Artroplastia de Quadril , Artroplastia do Joelho , COVID-19/epidemiologia , Procedimentos Cirúrgicos Eletivos , Complicações Pós-Operatórias/epidemiologia , Adulto , Idoso , Idoso de 80 Anos ou mais , COVID-19/diagnóstico , COVID-19/etiologia , COVID-19/prevenção & controle , Teste para COVID-19 , Auditoria Clínica , Feminino , Seguimentos , Acesso aos Serviços de Saúde , Humanos , Masculino , Pessoa de Meia-Idade , Complicações Pós-Operatórias/diagnóstico , Complicações Pós-Operatórias/etiologia , Estudos Retrospectivos , Fatores de Risco , Sensibilidade e Especificidade , Análise de Sobrevida , Reino Unido/epidemiologia
19.
Knee ; 28: 194-201, 2021 Jan.
Artigo em Inglês | MEDLINE | ID: mdl-33418395

RESUMO

BACKGROUND: The aim of this study was to compare the outcomes and cost economics of TKA without patella resurfacing in patients with and without patellar cartilage loss. METHODS: Prospective case control study of 209 consecutive patients undergoing TKA without patella resurfacing. Patella cartilage status was documented intra-operatively: 108 patients had patella cartilage loss (mean age 70 ± 9.7, mean BMI 31 ± 6.2, 72 (67%) female) and 101 control patients did not (age 68 ± 9.2, BMI 31 ± 5.6, 52 (51%) female). The primary outcome measure was Oxford Knee Score (OKS) improvement at one year. Secondary outcomes included OKS, EQ-5D, anterior knee pain (AKP), Kujala scores and reoperation at 2-4 years. The cost to prevent secondary patella resurfacing was calculated. RESULTS: There were more women in the patella cartilage loss group (67% Vs 51%, p = 0.037), but no other preoperative characteristics differed. There was no difference in OKS improvement between those with and without patella cartilage loss at 1 year (mean difference -1.03, -3.68 to 1.62 95%CI, p = 0.446) or 2-4 years (mean difference 1.52, -1.43 to 4.45 95%CI, p = 0.310). At 2-4 years there was no difference in AKP (14/87 with vs 17/80 without, p = 0.430) nor Kujala score (mean difference 2.66, -3.82 to 9.13 95%CI, p = 0.418). Routine patella resurfacing would have cost £58,311 to prevent one secondary resurfacing. CONCLUSION: There was no difference in OKS, anterior knee pain, reoperation or Kujala scores up to 2-4 years between patients with and without patellar cartilage loss following TKA without patella resurfacing. Resurfacing for this indication would not have been a cost effective intervention.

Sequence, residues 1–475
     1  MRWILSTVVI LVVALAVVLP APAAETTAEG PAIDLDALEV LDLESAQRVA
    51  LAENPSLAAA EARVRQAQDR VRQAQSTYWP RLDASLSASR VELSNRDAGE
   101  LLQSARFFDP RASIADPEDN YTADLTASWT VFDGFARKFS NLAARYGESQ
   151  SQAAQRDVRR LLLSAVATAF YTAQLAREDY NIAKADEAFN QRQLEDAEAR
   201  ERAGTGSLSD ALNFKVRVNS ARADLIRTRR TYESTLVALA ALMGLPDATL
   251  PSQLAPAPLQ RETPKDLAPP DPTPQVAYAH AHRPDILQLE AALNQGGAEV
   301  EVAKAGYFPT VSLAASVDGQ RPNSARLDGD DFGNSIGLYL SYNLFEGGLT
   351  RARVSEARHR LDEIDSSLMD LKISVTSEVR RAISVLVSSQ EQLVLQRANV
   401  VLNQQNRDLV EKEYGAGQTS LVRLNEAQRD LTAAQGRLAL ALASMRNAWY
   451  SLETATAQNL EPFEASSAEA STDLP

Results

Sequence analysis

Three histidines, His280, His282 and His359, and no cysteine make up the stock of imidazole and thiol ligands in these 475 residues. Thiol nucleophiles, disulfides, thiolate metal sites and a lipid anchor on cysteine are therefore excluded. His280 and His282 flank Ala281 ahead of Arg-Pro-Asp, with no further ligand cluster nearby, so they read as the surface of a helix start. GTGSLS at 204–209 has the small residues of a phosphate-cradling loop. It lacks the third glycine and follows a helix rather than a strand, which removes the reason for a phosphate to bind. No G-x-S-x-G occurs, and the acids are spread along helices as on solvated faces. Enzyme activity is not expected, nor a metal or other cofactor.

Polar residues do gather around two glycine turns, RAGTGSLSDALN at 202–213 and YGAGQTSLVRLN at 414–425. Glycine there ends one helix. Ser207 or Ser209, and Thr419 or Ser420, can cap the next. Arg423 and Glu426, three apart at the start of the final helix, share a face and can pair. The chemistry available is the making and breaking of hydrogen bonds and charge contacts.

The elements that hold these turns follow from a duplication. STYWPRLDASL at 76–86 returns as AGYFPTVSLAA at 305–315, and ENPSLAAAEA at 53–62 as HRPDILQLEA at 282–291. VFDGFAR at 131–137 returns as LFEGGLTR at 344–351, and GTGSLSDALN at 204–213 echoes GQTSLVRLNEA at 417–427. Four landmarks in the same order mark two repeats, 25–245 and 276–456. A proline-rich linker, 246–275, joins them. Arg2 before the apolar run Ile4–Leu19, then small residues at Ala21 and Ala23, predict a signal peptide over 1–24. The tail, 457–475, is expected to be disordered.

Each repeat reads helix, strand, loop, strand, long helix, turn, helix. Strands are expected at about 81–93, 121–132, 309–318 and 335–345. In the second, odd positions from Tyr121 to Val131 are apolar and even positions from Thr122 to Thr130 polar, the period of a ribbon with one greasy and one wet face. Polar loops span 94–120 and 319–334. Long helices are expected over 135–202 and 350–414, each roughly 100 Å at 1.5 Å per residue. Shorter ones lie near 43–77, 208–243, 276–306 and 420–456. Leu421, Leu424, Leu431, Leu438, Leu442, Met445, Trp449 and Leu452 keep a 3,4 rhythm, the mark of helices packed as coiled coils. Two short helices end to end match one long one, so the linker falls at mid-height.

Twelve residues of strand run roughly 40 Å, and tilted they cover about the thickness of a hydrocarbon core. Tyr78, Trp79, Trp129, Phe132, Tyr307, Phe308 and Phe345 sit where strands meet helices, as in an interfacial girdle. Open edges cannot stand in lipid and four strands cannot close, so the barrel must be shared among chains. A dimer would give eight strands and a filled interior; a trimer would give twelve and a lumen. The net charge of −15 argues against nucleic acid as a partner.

Assuntos